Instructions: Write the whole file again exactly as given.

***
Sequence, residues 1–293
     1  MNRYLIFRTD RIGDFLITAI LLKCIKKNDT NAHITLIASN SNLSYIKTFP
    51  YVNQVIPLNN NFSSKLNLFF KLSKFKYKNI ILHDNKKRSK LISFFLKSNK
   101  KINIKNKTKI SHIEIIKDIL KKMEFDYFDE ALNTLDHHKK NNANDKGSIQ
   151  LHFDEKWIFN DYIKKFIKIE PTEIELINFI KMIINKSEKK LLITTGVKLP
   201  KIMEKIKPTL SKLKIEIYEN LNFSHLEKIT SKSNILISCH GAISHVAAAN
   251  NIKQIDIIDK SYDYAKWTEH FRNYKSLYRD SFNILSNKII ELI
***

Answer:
Sequence, residues 1–293
     1  MNRYLIFRTD RIGDFLITAI LLKCIKKNDT NAHITLIASN SNLSYIKTFP
    51  YVNQVIPLNN NFSSKLNLFF KLSKFKYKNI ILHDNKKRSK LISFFLKSNK
   101  KINIKNKTKI SHIEIIKDIL KKMEFDYFDE ALNTLDHHKK NNANDKGSIQ
   151  LHFDEKWIFN DYIKKFIKIE PTEIELINFI KMIINKSEKK LLITTGVKLP
   201  KIMEKIKPTL SKLKIEIYEN LNFSHLEKIT SKSNILISCH GAISHVAAAN
   251  NIKQIDIIDK SYDYAKWTEH FRNYKSLYRD SFNILSNKII ELI